Steven Sinofsky has another deeply researched post about the history of UI complexity and bloat in the Microsoft Office applications. His post provides the background behind the decision to radically rework the Office UI with “the ribbon” (and lots of other related changes) in Office 2007. For the Office 2007 product cycle, I was running development for the Word, OneNote and Publisher teams and then half-way through the product cycle took over as VP for development for Office, directly in charge of development for the shared Office teams building much of the new UI infrastructure.
A lot of the deep history that Steven provides in this post going back to the very early days of Word and Excel was before my time. I arrived in 1996 with the FrontPage acquisition. I worked with all the Office teams as the FrontPage development manager, but it was only the Office 2007 product cycle (starting in 2003) that I moved into a more central role.
I did have a long history building graphical applications, starting in 1982 on custom graphical workstations. I had seen some of the same progression in UI density Steven describes for the Office PC applications, but a little earlier than the PC progression because I had mostly been working on workstation applications. Workstations had more memory and processing power and much bigger screens than PCs of the time so were not operating under the same set of constraints. For example, taskpanes added in Office 2003 had been a common UI feature in workstation applications over the previous decade.
I would say the biggest “hole” in Steven’s post was its almost sole focus on UI features, density and complexity. He talks about “winning the reviews” as driving much of this feature development, but mostly leaves off what those review-winning features were that were demanding so much new UI.
Really what was directly driving that UI complexity were new document content features. In a subsequent release, when we did a survey of the 1000’s of commands in Word, the vast majority of the commands were directly setting properties on the underlying content data structures. Office Art, which allowed you to directly create complex drawings in Word (and the other Office applications) added 100’s of new commands. New features supporting style sheets required new UI to control these new document constructs. In The Math of Easy to Use, I discussed how complexity in the underlying application data model inevitably leads to complexity in the UI.
Beyond the UI complexity around the document surface, all these new content features meant there was additional complexity directly on the document surface in the typical document that a user was likely to encounter. As document sharing took off with email and server-based document storage, users collaborated on documents with complex content that they had not created. This made it more likely that they were encountering documents that made use of features that they did not understand.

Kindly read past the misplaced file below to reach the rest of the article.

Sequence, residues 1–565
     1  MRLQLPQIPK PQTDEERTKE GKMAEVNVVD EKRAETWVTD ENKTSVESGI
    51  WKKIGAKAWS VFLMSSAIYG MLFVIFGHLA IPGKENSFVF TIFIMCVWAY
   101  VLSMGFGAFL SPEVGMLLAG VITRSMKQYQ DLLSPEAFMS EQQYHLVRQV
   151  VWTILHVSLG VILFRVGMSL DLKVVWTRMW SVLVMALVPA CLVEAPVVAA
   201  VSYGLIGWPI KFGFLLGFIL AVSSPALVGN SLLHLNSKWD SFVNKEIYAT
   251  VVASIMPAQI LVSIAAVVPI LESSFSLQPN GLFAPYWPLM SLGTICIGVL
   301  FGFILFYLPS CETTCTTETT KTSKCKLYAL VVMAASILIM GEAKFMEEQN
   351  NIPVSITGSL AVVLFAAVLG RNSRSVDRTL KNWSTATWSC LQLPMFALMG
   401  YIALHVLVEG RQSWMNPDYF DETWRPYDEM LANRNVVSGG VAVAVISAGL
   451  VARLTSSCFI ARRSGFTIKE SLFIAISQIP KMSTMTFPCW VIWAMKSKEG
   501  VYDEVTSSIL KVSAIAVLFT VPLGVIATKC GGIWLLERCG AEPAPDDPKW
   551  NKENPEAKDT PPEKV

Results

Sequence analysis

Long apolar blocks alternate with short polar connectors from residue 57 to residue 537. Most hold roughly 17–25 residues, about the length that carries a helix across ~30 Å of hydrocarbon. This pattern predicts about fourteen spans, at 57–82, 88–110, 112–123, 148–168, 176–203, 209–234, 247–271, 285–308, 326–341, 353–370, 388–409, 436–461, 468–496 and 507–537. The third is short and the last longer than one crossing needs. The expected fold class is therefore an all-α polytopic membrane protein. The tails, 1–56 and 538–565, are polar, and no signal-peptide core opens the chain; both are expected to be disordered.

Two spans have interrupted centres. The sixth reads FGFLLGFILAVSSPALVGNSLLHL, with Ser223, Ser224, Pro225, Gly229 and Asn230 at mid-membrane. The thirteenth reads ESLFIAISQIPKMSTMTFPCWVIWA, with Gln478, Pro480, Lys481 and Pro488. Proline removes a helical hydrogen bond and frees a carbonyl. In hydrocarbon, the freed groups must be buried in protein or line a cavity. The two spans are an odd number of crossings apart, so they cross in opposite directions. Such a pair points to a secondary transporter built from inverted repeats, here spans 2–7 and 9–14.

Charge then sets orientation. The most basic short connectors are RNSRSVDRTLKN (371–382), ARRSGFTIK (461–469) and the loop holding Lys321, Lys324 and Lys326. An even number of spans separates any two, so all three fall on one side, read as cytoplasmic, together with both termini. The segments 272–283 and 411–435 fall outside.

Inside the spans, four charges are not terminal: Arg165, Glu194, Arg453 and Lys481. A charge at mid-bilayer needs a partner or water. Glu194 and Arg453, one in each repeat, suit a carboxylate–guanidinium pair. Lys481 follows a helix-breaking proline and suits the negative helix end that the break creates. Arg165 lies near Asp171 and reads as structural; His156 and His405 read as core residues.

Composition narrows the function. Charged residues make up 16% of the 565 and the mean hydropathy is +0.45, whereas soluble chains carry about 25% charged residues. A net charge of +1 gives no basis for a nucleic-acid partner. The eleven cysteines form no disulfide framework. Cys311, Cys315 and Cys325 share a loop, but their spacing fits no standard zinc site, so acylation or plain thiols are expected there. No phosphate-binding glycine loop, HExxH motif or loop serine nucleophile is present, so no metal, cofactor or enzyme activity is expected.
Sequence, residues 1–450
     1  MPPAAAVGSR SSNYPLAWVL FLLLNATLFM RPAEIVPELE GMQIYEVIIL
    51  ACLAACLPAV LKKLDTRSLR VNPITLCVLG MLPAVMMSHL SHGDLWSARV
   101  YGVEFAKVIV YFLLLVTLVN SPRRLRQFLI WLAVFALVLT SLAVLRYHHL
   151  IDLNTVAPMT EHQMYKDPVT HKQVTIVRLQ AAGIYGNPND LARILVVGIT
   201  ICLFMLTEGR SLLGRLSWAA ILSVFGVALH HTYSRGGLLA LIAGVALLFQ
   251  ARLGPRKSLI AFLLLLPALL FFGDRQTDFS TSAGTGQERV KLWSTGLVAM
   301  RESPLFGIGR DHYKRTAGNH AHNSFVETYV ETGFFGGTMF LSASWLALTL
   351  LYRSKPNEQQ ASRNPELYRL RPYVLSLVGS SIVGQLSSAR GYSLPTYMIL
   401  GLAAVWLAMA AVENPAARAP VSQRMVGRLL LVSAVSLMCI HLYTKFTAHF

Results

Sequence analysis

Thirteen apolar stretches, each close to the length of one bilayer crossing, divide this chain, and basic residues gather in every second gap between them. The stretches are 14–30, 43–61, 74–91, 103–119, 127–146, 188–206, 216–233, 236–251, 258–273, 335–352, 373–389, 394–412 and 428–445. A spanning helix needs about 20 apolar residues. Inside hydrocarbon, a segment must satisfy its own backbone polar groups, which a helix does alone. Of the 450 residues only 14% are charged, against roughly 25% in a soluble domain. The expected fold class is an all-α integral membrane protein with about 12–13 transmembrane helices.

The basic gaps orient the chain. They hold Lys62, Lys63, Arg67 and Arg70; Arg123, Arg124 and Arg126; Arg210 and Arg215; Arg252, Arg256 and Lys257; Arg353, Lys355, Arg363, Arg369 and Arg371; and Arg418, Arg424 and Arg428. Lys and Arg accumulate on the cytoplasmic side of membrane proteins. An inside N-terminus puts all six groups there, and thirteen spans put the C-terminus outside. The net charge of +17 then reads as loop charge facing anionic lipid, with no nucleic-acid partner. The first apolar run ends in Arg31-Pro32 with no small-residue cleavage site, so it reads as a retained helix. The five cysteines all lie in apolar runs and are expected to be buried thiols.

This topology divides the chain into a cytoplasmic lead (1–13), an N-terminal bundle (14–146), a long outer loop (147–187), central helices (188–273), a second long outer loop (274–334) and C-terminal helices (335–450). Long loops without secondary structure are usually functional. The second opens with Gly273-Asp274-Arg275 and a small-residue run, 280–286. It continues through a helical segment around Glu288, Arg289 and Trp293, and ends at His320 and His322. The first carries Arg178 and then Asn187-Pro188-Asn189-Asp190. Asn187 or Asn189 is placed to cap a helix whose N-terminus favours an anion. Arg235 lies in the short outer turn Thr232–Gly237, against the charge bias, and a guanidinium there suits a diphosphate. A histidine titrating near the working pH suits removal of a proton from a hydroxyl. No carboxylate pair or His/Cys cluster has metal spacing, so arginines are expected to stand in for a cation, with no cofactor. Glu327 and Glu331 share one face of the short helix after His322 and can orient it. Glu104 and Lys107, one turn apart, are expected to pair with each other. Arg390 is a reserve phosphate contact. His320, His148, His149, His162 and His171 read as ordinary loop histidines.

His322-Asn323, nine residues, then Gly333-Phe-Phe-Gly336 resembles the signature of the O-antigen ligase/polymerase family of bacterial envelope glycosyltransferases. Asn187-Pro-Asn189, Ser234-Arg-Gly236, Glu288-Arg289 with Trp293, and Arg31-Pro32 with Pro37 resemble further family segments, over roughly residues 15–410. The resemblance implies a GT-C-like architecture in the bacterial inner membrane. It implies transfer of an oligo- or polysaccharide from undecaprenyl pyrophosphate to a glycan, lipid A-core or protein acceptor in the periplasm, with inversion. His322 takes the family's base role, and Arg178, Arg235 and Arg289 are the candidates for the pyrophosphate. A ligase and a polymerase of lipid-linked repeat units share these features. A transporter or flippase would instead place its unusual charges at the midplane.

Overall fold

I can come up with tons of examples of complex document features that add confusion and complexity to the editing experience. (I am sure you can as well.)
What is that dotted line on the document surface? A page break? A section break? Why can’t I select it and delete it?
Why is this text laid out in two columns? Is that a two column page layout? Or a two column table? Or a text box floating on the page?
Why does adding one paragraph to this page cause this complex graphical figure to explode into pieces?
That last example is a member of a class of complex features that were specifically targeted around dynamic editing behavior to make the process of creating complex documents easier over the entire document lifetime. Graphical objects have a visual location on the page, but are also anchored at some logical point in the text flow. If that anchor moves to another page, its visual location might change significantly. This behavior is a feature — it means that as you edit a large document, the figures stay close to the text that is related to it. But if you don’t understand this, it can be confusing as hell. A common “bug” is that a document author would insert a number of graphical objects that were positioned visually relative to each other when created on the same page but where the anchor positions were scattered randomly around the text. Everything looks fine until subsequent editing and some of those anchors get split onto different pages. Then all hell breaks loose.